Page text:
Interested in D&D World Building? This multi-part guide will help you create stunning, immersive worlds any player will get lost in. Right now we just have part one, the basics—check back often for parts 2-5!
D&D World Building, Part One: The Basics
Two armies bellow war-cries on opposite sides of a massive, splintered stretch of land; clarion calls of brass instrumentation clashing violently with a growly howl emerging from the throats of massive, canid berserkers.
Pirate ships grafted with large, floating jellyfish swing through the skies, belching fire and steel into the fleshy sacs of lighter-than-air gas that keep the vessels aloft.
Gods bicker and connive, each scrying upon their legions of worshipers, muttering prophecy and damnation upon the collective unconscious of the world’s web of life. Things skitter in the dark; the less said of them, the better. A child awakes in a tent, stretches, and climbs a tree: they witness a spectacular sight of twin suns rising over the verdant paradise they call “home”.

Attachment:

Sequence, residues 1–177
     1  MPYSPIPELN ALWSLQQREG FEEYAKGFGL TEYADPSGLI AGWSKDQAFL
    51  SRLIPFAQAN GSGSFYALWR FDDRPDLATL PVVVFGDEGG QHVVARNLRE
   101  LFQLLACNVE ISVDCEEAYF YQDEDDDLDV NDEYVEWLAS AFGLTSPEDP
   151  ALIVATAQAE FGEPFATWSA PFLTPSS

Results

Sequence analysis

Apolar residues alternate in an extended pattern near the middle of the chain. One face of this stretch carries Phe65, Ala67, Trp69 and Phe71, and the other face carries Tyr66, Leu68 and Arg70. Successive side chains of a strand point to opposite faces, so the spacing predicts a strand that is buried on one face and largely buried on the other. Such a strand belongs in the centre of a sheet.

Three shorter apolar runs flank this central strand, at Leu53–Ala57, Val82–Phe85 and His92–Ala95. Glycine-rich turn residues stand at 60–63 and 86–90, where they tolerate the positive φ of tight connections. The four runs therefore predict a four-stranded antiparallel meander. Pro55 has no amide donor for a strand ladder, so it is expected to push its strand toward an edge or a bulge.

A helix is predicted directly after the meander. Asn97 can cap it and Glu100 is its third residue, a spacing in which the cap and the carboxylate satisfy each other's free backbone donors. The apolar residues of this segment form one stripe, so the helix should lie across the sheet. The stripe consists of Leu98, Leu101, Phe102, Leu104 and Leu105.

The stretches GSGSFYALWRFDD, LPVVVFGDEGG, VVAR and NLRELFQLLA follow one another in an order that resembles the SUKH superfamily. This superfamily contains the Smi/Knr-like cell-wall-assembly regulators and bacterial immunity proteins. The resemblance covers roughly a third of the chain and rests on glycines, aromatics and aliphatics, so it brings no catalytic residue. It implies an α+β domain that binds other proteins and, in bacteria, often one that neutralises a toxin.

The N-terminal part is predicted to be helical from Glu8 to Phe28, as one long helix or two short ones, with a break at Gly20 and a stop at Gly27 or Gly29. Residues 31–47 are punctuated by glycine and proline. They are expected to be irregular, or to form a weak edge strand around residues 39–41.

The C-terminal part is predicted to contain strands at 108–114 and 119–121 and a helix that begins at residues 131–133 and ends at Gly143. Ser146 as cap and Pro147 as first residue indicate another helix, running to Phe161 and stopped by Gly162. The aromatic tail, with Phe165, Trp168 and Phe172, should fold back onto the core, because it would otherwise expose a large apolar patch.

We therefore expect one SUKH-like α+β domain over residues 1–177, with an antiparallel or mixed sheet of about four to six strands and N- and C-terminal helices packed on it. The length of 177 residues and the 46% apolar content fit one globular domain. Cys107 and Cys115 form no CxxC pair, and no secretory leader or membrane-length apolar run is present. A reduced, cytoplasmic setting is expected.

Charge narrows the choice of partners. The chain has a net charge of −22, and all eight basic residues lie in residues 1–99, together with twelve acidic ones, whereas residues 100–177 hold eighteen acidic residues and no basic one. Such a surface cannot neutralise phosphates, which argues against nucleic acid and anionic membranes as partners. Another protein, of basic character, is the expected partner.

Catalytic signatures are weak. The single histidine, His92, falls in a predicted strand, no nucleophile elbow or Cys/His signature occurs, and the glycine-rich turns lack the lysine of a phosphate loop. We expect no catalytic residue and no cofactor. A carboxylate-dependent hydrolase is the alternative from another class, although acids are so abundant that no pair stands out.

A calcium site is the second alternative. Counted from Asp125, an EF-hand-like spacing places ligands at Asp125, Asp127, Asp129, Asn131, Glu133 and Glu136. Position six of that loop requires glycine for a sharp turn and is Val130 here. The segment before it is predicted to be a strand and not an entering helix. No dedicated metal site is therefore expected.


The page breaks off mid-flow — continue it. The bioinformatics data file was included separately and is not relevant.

What do all these things have in common? Somebody thought them up, and decided that it would be fun to explore these worlds. Let’s figure out how to let YOUR world shine through in the world’s greatest role-playing game: Dungeons and Dragons.
Before Greyhawk, before Faerun, before the Forgotten Realms, there was a man in a basement, playing war games with fellow historic enthusiasts, and later, his own children. This man was Gary Gygax: the creator of Dungeons and Dragons.
His worlds were severe: one mistake would cost you immensely! Your life, your gold, your weapons: even the clothes on your back could be melted in the threshold of a green ooze.
Dungeons crawling with chaos, nefarious beasts, ingenious traps, and frightening spells all kept treasures out of the reach of the crazed adventurers seeking to lay claim. And as the adventures woven by Gygax piled up, he naturally began to do what humans do best: find ties together, and weave these individual adventures into tapestries of storytelling.